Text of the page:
Hello, I’m having a problem transferring a MIDI track from FL Studio to Cubase. After rendering any MIDI track in FL Studio and loading it in Cubase, several other tracks appear and there are no notes on any of them. In the other direction it works without any problem. Has anyone encountered this and knows how to solve it? Thanks.
Is that not for FL Studio to sort out though?
You can open the List Editor to see what other events (such as tempo information etc.) might be on them. If you don’t need the track then just delete it.
It always seemed to me that MIDI tracks were universal to any DAW program. No matter what DAW you render a MIDI track in, you can import it in another DAW, but apparently that’s not the case… When I saved the track as a MIDI file in Cubase and opened it in FL Studio, all the notes showed up in the track with no problem. The other way it doesn’t work unfortunately…
Of course I will ask in the FL Studio forum what is going on here…
The format of MIDI files is well-defined, but not every DAW loads and saves all of the information, and how the information is used or displayed within each DAW can be different in small ways. The likelihood is the FL saves more than just the track with notes, and Cubase is loading everything. Perhaps when FL loads a MIDI file, it only uses the note information.
Sorry, I misread this the first time … you’re saying no notes appear on any track that’s imported into Cubase?
Would you be able to attach a small test MIDI file from FL here?
My son who uses FL Studio apparently saved the MIDI track the wrong way, so I could not open the track correctly in Cubase… As soon as I can I will check the way as given in the attached video link… If it still does not work then I will let you know…
This is what an empty project looks like after importing a MIDI track from FL Studio… This is not the way indicated in the attached video… As I mentioned as soon as I can I will try this second way…
I was able to try the second way and it works by dragging a MIDI track exported from FL Studio onto an added MIDI track in Cubase. When I select FILE - IMPORT MIDI FILE in Cubase, it again opens several tracks and the notes are now visible in the last track. But the easiest way is to drag the track with the notes to the created MIDI track in Cubase.
OK, so there are a number of things … the first being the way the file is generated by FL … I can’t help with that, but what’s shown in the video seems to be the correct way to do it.
The second thing then, is how Cubase imports a MIDI file. There are a bunch of settings (Edit | Preferences) that affect how a MIDI file is imported, but the first thing is whether you want to create a new Cubase project from the imported MIDI file or not. This is important, because AFAIK that’s currently the only way to get Cubase to set the tempo the same as it is in the MIDI file.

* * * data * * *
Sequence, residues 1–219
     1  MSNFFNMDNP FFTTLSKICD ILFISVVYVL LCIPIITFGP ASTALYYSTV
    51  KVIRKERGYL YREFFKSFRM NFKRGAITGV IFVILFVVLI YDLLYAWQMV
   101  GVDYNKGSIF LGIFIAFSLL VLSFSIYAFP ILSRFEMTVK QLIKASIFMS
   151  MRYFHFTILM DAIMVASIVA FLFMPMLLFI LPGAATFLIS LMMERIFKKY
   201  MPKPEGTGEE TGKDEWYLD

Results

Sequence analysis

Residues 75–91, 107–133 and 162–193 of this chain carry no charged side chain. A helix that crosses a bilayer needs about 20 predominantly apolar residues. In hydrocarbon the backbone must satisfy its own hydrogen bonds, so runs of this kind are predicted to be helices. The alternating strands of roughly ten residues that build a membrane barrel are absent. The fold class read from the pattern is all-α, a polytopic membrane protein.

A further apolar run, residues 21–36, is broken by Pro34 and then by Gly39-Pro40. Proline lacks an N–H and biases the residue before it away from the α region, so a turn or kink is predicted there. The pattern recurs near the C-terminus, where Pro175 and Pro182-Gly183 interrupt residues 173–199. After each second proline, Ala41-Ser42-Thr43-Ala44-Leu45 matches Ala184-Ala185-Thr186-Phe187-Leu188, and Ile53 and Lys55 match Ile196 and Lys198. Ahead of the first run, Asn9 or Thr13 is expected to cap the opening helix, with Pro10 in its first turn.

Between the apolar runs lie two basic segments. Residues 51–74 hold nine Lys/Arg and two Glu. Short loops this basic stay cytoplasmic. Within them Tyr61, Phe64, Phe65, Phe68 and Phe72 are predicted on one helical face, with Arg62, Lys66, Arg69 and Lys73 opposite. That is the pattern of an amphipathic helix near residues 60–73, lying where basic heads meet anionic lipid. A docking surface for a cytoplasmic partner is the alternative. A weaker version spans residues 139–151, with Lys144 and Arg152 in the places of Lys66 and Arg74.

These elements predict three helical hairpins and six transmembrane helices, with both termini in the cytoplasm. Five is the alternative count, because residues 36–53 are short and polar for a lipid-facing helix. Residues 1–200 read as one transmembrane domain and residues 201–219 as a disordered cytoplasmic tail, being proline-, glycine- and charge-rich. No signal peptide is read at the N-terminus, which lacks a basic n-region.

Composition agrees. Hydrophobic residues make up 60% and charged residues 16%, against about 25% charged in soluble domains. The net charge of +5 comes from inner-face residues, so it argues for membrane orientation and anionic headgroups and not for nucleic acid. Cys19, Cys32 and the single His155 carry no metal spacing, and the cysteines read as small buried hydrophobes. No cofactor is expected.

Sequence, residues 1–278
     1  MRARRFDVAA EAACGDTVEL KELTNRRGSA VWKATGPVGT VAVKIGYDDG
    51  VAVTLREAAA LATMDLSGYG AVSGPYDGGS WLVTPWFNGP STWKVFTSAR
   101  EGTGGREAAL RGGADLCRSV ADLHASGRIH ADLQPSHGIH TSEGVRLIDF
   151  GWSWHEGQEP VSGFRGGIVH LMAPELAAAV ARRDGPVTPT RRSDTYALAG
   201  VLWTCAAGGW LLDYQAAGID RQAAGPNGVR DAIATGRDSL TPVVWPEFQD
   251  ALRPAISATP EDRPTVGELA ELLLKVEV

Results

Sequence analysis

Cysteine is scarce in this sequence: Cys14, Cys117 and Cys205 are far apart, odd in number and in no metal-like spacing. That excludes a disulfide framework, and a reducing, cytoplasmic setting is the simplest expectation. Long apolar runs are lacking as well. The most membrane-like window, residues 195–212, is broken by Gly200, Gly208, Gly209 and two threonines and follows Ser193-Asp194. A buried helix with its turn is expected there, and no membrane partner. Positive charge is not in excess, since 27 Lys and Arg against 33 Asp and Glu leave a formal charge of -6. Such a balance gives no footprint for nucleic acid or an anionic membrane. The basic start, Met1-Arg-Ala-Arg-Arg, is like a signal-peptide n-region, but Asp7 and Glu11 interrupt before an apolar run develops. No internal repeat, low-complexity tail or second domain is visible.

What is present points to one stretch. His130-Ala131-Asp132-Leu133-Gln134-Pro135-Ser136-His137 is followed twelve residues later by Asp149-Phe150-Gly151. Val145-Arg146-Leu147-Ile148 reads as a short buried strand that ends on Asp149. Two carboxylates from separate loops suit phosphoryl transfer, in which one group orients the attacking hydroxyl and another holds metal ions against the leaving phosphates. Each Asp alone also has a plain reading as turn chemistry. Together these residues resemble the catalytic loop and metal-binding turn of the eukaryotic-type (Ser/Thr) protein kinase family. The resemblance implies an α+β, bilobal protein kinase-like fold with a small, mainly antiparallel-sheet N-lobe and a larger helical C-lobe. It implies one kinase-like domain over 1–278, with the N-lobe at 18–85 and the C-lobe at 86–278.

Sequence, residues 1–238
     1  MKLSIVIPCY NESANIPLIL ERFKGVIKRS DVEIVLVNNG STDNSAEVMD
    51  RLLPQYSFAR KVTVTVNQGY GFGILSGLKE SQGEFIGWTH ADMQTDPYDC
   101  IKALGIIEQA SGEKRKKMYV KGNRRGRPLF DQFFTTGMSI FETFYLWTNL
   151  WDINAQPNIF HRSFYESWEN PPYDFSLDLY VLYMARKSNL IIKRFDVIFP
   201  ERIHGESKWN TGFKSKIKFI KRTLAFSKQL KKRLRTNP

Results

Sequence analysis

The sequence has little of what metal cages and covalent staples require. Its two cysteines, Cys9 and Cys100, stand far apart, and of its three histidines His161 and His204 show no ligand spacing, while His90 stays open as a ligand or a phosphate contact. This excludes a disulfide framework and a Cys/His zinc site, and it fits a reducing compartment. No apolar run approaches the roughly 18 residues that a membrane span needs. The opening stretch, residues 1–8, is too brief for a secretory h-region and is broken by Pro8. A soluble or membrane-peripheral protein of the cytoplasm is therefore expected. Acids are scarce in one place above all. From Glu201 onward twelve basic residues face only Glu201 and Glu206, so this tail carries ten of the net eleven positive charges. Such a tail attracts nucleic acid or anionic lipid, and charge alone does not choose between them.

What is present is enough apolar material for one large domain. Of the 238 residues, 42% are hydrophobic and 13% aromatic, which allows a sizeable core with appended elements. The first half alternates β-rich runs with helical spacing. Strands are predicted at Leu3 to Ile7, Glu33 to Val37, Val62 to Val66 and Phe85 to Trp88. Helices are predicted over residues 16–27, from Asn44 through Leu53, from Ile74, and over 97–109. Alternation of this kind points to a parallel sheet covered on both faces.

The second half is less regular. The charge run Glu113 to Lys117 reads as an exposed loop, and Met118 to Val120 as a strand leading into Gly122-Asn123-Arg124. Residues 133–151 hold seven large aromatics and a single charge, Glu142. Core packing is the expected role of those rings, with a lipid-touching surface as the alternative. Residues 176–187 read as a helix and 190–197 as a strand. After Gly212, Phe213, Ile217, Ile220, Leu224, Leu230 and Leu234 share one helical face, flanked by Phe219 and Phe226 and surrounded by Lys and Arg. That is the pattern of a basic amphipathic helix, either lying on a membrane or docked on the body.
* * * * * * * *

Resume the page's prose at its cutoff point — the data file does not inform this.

After that, depending on the settings you’ve chosen in Preferences, you can get many different results. These are my current settings, for example (not the defaults):
I find Cubase to be one of the better DAWs when it comes to MIDI import, however as you’ve seen, sometimes you just end up with too much information. I’ve found for example that Standard MIDI File (“SMF”) events get seperated out onto their own tracks, which is probably what’s happening in your case, but these can usually be discarded.
If the MIDI track was intended to be played back by a specific instrument (for example, a hardware synthesizer), then there might be a “sysex” event in the MIDI file for that instrument. Cubase will import that onto a seperate track, which I personally find useful. Some MIDI files have “text” events with the copyright notice of the sequencer, etc.
Perhaps these days we also need an option in Cubase to “just import notes”!
Anyway, I hope this helped.
Thank you for the valuable information and best regards!
… and you may well have just found it!
Believe it or not (and probably because I’ve been using Cubase since the Stoneage) it never occurred to me to just drag and drop a MIDI file onto an already created MIDI track!
True, it gets everything onto one track, but you can use the “Dissolve part” functions from the MIDI menu to seperate them out. There you go, we both learned something today!